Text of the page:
"In another case, MASUM reported that on January 1, four Indian teenagers, accosted while smuggling cattle, jumped into a rivulet to avoid punishment. The BSF soldiers allegedly beat them when they tried to come out of the water. All four boys, severely injured because of the beatings, eventually drowned."
Meenakshi Ganguly, South Asia director at HRW, said on June 12, "The BSF has reverted to its previous tactic of unilaterally punishing suspects, defying orders from Delhi [ Images ] issued last year to exercise restraint and protect the right to life."
"But the central government is also responsible, since it has failed to hold perpetrators accountable," she added.
Last year, MASUM released a video showing BSF soldiers brutally beating a Bangladeshi national caught smuggling cattle in West Bengal state.
"Eight soldiers were suspended but no further information is available regarding their prosecution or punishment," said the release.
Odhikar documents other cases where Bangladesh nationals were shot dead or tortured after being held by BSF members for crossing the border. Odhikar has even documented cases of BSF personnel crossing the border into Bangladesh territory to commit similar crimes against innocent Bangladeshi nationals.
In December 2010, Human Rights Watch released a report on border atrocities, titled Trigger Happy: Excessive Use of Force by Indian Troops at the Bangladesh Border, which documented nearly 1,000 killings by the BSF over the last decade.
In January 2011, the Indian government assured Bangladeshi officials that it would order the BSF to exercise restraint and encourage the use of rubber bullets instead of more lethal ammunition.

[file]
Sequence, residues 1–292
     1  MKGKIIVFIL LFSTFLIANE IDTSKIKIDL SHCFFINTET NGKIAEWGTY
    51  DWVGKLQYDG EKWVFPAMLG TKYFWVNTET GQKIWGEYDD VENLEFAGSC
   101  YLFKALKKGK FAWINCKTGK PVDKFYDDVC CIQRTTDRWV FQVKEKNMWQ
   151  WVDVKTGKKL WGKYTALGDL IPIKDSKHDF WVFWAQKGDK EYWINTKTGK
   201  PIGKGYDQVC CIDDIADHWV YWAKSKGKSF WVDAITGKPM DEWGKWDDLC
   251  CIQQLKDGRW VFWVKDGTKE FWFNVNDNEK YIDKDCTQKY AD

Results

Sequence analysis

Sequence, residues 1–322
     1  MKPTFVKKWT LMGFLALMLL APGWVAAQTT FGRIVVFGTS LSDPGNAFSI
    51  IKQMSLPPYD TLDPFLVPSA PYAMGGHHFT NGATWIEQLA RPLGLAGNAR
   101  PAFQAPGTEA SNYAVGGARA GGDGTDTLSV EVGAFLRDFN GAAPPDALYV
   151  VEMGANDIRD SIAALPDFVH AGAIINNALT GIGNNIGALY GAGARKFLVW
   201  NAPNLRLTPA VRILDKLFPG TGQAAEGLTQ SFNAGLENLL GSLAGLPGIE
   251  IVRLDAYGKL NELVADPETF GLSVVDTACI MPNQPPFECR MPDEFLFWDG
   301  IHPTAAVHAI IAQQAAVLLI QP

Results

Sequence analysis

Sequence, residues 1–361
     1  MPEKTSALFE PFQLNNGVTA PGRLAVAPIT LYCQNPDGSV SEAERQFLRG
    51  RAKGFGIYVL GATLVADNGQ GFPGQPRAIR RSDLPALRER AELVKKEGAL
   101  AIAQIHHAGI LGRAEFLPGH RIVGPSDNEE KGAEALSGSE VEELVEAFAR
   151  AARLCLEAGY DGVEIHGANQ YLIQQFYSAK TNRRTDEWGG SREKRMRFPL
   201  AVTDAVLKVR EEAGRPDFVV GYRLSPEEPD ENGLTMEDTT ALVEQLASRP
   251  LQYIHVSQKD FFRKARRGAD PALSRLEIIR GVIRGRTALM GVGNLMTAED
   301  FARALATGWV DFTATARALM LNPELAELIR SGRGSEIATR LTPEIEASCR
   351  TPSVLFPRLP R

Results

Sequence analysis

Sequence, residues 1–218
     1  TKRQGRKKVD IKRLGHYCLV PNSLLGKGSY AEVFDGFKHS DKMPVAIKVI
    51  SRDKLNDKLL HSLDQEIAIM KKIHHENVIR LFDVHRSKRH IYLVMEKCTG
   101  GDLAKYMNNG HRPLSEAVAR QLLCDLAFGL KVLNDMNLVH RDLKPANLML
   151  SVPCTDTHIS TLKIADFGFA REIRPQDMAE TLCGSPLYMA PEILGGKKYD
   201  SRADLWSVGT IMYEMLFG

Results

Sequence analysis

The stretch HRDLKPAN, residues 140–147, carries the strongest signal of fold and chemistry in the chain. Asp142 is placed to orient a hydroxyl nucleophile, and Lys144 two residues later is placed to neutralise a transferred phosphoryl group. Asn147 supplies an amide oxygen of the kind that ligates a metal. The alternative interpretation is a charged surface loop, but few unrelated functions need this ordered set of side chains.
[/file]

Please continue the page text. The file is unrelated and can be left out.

The Bangladesh government, after initially failing to address the issue, finally began to call for the protection of its citizens.
In March 2011, at a joint border coordination conference, Major General Rafiqul Islam, chief of the Bangladesh Border Guards, called on the BSF to respect the right to life and said that individuals "must be treated as innocent unless and until he or she is proved to be a criminal or an offender."
BSF Director-General Raman Srivastava, in turn, promised "to maintain utmost restraint on the border" and also provide troops "with non-lethal weaponry."
"The BSF high-ups and the ministers in New Delhi are assuring non-lethal measures but the BSF personnel are going against these commitments," observed Nasiruddin Elan, director of Odhikar, to rediff.com.
"This lack of coordination is not helping either of the two nations. By not bringing to book the BSF personnel at fault, the Indian government is providing impunity to the BSF to do as they please," he added.
The HRW observed that although the NHRC tries to provide justice by seeking responses when complaints are filed, the witnesses are threatened and intimidated into not providing their accounts.
As such, the HRW stressed that it knows of no cases in which BSF soldiers have been prosecuted for violations committed along the India-Bangladesh border.
"This includes a highly publicised case in which a 15-year-old Bangladeshi girl trapped in the wire fencing at the border was shot by the BSF in January 2011," said the HRW release.
Ganguly concluded, "Unless the government orders an independent investigation and ensures the prosecutions of those against whom credible evidence has found, such acts of brutality will continue."